Research shows that when it comes to starting chores, the younger the better. And one sure-fire way to make implementing chores a whole lot easier is a chore chart.
Chore charts have 2 major functions:
- provide visual reminders of what your child needs to do
- Give your child a sense of satisfaction and accomplishment when they get to check a task off their chart
And this free printable picture chore chart is perfect for helping younger kids—toddlers and preschoolers—start a daily routine that includes chores.
By the end of this post you’ll:
- Understand why chores help kids be happy and successful
- Know how to introduce chores to your child
- download the free picture chore chart pdf
- have a list of age-appropriate chores for young kids (2-4 year old)
Are you as excited as me? Good. Let’s get started!
RELATED: How to Teach Your Little One to Clean Their Room (with Free Printable Drawer Labels)
WHY YOUNG KIDS NEED CHORES
As a parent, it can be a struggle to know exactly when to start your kids doing chores. And truth is, most of us wait too long to include our kids in household tasks.
In fact, most experts recommend starting chores when children are just toddlers. Why? Because toddlers are naturally helpful. Starting young means tapping into into that natural desire to be helpful.
And since toddlers are inefficient (yet adorable) little creatures, it’s going to take more patience and effort on your part.
But it’s worth it because not only do children who do chores more responsible and have more self-esteem, they also grow up to be more successful adults.
In fact, a University of Minnesota study determined that the best predictor of young adults’ success in their 20s was that they participated in household tasks when they were three or four.
And the Harvard Grant study (an epic study of adult success) found that kids who did chores where happier and more successful later in life.
So chores are GREAT for kids. And that fact that you’re even here on this page reading about it shows that you want to get your kids going on chores.
Which means you’re on the right track as a parent. Wahoo!!!
RELATED: 20 Super Easy Activities to Occupy Your Toddler
HOW TO GET YOUR KIDS TO DO CHORES
You know chores are important, but next comes the question of “How do I actually get my kids to do chores?”
Here’s a few suggestions to help you get started:
Include Your Child in What You’re Doing
As you do your daily tasks around your home, include your little ones. Tell them what you’re doing and get them to help in a small way.
This not only teaches them important skills, it also strengthens your relationship and provides sweet bonding moments.
Some ideas to get started:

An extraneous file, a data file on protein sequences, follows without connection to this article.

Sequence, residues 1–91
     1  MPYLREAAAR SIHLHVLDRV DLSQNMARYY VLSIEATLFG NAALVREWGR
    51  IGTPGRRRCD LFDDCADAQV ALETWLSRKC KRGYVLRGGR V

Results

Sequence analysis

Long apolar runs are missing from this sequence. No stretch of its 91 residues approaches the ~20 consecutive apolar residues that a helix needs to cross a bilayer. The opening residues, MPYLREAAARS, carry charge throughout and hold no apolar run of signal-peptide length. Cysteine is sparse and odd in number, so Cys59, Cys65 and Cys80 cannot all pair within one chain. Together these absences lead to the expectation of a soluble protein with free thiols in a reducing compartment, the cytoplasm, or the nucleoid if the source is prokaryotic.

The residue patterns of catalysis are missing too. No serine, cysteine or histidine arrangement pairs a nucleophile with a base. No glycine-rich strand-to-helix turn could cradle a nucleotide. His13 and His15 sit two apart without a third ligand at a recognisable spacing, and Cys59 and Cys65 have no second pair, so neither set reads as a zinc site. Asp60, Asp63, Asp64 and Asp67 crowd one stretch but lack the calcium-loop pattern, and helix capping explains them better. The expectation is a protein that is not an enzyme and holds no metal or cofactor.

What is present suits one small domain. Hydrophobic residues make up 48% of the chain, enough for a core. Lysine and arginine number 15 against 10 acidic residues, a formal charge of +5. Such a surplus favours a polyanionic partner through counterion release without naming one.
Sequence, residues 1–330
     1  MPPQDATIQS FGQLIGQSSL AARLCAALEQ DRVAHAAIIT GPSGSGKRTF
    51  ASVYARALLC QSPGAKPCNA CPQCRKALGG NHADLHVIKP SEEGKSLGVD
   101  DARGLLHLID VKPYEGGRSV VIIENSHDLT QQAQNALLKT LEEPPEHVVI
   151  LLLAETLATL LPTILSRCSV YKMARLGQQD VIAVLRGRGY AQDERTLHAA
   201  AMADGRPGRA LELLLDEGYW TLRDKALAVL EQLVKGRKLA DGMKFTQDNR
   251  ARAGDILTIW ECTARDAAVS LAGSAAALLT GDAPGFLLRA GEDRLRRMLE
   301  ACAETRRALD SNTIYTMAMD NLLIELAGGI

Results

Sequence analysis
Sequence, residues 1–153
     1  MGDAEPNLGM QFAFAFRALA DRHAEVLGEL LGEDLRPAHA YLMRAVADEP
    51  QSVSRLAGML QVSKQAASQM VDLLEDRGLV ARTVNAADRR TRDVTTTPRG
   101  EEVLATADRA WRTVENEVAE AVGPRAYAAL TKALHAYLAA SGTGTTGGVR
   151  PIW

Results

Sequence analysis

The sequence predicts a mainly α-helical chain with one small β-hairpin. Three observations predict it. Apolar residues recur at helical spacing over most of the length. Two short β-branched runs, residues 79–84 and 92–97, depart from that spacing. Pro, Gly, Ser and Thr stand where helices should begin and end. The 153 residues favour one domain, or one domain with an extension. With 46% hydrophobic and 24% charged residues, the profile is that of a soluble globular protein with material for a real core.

- Let them measure and stir while you prepare meals.
- Have them help you divide out laundry by color
- Have them help you put clothes in the washer or move clothes from washer to dryer.
- Show them how to fold washcloths or dishtowels and allow them to practice while to tackle the other folding.
- Help them unload cups or silverware from dishwasher
- Get them a small hand broom and have them help clean the floor.
This may involve a mindset shift for some of us. Because in our quest to be efficient and do ALL THE THINGS, we want to barrel through and just get it all done ourselves.
But we miss organic opportunities to teach our children important tasks that help our households run smoothly.
Personally, changing my mindset and slowing down to think about how I could include my children had had such a massive impact in my house. My kids get so excited to help me with my chores around the house. And they blow me away by how capable they’ve become. And best of all, we’ve had some really awesome conversation while we work side-by-side.
As suggested above, kids learn best when they just learn part of a bigger task. Break down household chores into small tasks that they can manage.
If you’re picking up a messy floor, have them first pick up all the trash. Then move onto the blocks (or whatever). Breaking to down with clear instructions helps your child learn expectations.
Give Praise & Encouragement, Not Toys or Treats
The best reward for completing chores is feeling helpful and capable. It’s not toys or other tangible rewards.
In fact, a study of toddlers showed that young kids given a toy after helping were LESS motivated to help out again.
Kids want to feel needed and part of the group. Participating in chores and household tasks helps them feel like an important part of the family.
RELATED: 13 Ways to Get Your Kids Excited About Chores
THE PICTURE CHORE CHART FOR PRESCHOOL KIDS & TODDLERS
This simple chore chart with pictures helps kids get on a daily routine and start participating in chores. The set tasks are all things that children should do everyday with the added “extra chore” to allow you to assign an extra daily chore.